This fall, the Seventh Circuit Court of Appeals in Chicago will hear from
truck drivers like those who have received tickets in Independence and
Bishop about a new monitoring system which truck drivers say violates
the Fourth Amendment.
The Owner-Operator Independent Drivers Association says that
Electronic Logging Devices are basically warrantless searches, because the gadgets track truckers’
locations in real time; the OOIDA also says that the ELD mandate is not
cost-effective. For its part, the Federal Motor Carrier Safety Administration
counters that ELDs will make highways safer and level the playing field
between large and small operators.
The FMCSA also says that truckers have a lower expectation of privacy due
to a “long tradition of close government supervision.”
“Close government supervision” is a nice way of saying “very
intense regulation.” One of the newest such rules is the FMCSA’s
Safety Management System. Employers scrutinize SMS scores when they look to hire new drivers, or
retain the ones they have, and insurance companies use SMS scores to assess
risk and set premium amounts. These scores measure seven different areas,
- Crash history,
- Moving violations,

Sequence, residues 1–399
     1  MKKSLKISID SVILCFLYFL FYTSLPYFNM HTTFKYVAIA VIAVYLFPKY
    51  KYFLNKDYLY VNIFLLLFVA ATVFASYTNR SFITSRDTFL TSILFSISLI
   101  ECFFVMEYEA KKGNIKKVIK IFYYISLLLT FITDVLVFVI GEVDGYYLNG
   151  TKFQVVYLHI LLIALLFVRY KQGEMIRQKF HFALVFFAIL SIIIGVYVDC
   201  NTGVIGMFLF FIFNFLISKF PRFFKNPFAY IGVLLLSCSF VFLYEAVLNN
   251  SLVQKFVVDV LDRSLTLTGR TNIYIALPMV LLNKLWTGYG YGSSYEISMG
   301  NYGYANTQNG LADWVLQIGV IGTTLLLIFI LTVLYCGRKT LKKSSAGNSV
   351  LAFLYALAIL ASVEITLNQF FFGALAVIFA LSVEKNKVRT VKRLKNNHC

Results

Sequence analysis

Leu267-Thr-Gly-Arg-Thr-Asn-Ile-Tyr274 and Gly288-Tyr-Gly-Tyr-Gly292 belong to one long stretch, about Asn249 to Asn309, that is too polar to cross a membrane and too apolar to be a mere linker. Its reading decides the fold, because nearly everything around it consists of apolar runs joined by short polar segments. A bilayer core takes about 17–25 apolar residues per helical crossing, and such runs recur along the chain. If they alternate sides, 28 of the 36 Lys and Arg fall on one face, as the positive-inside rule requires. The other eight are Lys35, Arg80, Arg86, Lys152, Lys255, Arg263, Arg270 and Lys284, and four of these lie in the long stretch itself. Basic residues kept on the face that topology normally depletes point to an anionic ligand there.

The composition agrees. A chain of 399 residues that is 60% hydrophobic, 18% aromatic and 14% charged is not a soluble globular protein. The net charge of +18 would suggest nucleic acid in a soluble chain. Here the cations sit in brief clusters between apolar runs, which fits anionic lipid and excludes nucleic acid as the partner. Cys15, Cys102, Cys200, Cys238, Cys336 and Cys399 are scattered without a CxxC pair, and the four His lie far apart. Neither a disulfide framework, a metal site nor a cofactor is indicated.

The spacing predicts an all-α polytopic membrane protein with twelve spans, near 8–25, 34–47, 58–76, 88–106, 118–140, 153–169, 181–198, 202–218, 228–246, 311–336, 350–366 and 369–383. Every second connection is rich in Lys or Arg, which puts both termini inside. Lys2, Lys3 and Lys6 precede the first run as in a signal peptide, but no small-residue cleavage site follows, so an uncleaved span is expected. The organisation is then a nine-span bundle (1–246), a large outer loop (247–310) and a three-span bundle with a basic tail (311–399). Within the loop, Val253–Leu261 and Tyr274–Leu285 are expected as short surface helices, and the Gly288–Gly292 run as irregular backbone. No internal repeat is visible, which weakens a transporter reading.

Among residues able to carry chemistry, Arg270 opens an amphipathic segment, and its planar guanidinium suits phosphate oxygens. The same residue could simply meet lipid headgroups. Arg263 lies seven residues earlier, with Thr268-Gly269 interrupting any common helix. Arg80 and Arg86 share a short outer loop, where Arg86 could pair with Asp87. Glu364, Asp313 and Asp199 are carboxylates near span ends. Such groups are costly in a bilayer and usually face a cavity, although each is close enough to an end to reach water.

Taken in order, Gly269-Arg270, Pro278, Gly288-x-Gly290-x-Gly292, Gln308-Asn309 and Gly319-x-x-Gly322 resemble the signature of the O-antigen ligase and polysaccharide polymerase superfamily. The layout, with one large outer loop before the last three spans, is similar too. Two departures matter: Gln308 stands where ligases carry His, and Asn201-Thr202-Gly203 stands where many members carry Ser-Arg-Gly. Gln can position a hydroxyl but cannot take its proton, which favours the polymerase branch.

- Safety infractions, and
- Recordkeeping issues.
An attorney can help keep your score as low as possible in these areas.
Assume that first responders issue a citation at the scene of an accident,
but a court later rules that the driver was not responsible. In most cases,
the government uses the law enforcement data instead of the judicial finding,
so the trucker’s score is artificially high. The same is true of
recordkeeping violations, because FMCSA compliance is a maze of confusing,
and sometimes contradictory, rules.
Getting Legal Help
The aggressive lawyers at Bigger & Harman, APC, are committed to giving
individuals a voice when dealing with speeding and traffic tickets. Call
today at 661-859-1177 or email
firstname.lastname@example.org to receive the personal professional attention you deserve. En español,
llame al 661-376-0214.